Bouddhanath

Bouddhanath is among the largest stupas in South Asia, and it has become the focal point of Tibetan Buddhism in Nepal. The white mound looms thirty-six meters overhead. The stupa is located on the ancient trade route to Tibet, and Tibetan merchants rested and offered prayers here for many centuries. When refugees entered Nepal from Tibet in the 1950s, many of them decided to live around Bouddhanath. They established many gompas, and the "Little Tibet" of Nepal was born. This "Little Tibet" is still the best place in the Valley to observe Tibetan lifestyle. Monks walk about in maroon robes. Tibetans walk with prayer wheels in their hands, and the rituals of prostration are presented to the Buddha as worshippers circumambulate the stupa on their hands and knees, bowing down to their lord.


Many people believe that Bouddhanath was constructed in the fifth century, but definite proof is lacking. The stupa is said to entomb the remains of a Kasyap sage who is venerable both to Buddhists and Hindus. One legend has it that a woman requested a Valley king for the donation of ground required to build a stupa. She said she needed land covered by one buffalo's skin and her wish was granted by the King. She cut a buffalo skin into thin strips and circled off a fairly large clearing. The king had no choice but to give her the land.


The Bouddha area is a visual feast. Colorful thangkas, Tibetan jewellery, hand-woven carpets, masks, and khukuri knives are sold in the surrounding stalls. Smaller stupas are located at the base. Gompa monasteries, curio shops, and restaurants surround Bouddhanath. Conveniently situated restaurants with roof-top patios provide good food and excellent views of Bouddhanath.


Bhaktapur

Bhaktapur Durbar Square is a conglomeration of pagoda and shikhara-style temples grouped around a fifty-five window palace of brick and wood. The square is one of the most charming architectural showpieces of the Valley as it highlights the ancient arts of Nepal. The golden effigies of kings perched on the top of stone monoliths, the guardian deities looking out from their sanctuaries, the wood carvings in every place-struts, lintels, uprights, tympanums, gateways and windows-all seem to form a well-orchestrated symphony. The main items of interest in the Durbar Square are:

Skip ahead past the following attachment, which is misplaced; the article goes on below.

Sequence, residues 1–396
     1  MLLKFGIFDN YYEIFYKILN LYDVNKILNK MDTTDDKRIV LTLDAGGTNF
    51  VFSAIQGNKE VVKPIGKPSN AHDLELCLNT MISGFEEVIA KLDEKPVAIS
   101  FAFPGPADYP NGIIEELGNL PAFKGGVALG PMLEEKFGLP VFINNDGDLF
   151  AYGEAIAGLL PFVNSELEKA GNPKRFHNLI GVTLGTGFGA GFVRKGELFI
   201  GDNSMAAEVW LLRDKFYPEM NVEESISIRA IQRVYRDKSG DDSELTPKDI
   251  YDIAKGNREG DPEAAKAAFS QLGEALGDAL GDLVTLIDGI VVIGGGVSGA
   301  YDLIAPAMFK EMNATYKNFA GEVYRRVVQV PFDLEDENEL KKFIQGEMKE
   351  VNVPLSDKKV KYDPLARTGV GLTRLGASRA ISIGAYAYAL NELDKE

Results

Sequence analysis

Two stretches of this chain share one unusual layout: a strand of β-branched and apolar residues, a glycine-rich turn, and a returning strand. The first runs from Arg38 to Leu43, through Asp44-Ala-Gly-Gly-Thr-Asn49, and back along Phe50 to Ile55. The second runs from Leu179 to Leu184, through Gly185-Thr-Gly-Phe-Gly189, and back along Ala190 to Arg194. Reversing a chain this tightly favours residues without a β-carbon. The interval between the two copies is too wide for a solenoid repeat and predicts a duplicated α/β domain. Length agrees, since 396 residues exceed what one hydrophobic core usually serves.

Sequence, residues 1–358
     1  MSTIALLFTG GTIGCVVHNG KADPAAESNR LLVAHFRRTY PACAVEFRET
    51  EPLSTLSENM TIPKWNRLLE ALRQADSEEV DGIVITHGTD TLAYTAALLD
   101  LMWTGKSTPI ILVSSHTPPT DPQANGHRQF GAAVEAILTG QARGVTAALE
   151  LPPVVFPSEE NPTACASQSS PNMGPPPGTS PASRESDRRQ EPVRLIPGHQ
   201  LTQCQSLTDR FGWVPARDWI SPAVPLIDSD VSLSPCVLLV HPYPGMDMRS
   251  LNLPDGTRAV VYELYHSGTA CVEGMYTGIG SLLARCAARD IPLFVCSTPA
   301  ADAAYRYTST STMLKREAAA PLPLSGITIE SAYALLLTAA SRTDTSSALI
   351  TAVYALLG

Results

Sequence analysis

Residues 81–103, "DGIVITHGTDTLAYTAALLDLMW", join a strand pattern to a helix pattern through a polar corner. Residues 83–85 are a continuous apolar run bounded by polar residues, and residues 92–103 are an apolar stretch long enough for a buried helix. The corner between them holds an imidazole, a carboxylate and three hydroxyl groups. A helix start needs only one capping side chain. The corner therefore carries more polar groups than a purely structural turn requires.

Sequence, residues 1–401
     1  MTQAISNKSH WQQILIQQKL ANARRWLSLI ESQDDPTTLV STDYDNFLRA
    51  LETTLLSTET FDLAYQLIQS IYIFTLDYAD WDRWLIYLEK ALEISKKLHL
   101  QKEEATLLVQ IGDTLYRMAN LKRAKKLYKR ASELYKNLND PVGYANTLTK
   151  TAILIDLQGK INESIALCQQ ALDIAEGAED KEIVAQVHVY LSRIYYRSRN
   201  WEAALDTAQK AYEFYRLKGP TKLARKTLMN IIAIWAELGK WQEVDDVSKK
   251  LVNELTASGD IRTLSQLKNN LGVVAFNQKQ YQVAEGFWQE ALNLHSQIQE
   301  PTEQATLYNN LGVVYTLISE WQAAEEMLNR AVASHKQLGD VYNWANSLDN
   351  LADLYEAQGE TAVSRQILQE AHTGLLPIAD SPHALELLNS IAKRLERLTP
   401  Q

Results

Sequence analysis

The Lion Gate:

Dating as far back as 1696 A.D., this gate is guarded on either side by two huge statues of lions. Alongside, there are two stone images of Bhairav (the dreadful aspect of Shiva) and Ugrachandi (the consort of Shiva in her fearful manifestation).


The Golden Gate:

The Golden Gate is said to be the most beautiful and richly moulded specimen of its kind in the entire world. The door is surmounted by a figure of the goddess Kali and Garuda (the mythical man-bird) and attended by two heavenly nymphs. It is also embellished with mythical creatures of marvellous intricacy. In the words of Percy Brown, an eminent English art critic and historian, the Golden Gate is the most lovely piece of art in the whole Kingdom: it is placed like a jewel, flashing innumerable facets in the handsome setting of its surroundings. The gate was erected by King Ranjit Malla and is the entrance of the main courtyard of the Palace of Fifty-five Windows.


The Palace of Fifty-five Windows:

This magnificent palace was built during the reign of King Yakshya Malla in A.D. 1427 and was subsequently remodelled by King Bhupatindra Malla in the seventeenth century. Among the brick walls with their gracious setting and sculptural design, is a balcony with Fifty-five Windows, considered to be a unique masterpiece of woodcarving.


The Art Gallery:

The Art Gallery contains ancient paintings belonging to the Hindu and Buddhist traditions of various periods and descriptions. This gallery is open everyday except Tuesday.


The Statue of King Bhupatindra Malla:

This statue showing King Bhupatindra Malla in the act of worship is set on a column facing the palace. Of the square's many statues, this is considered to be the most magnificent.

Patan Durbar Square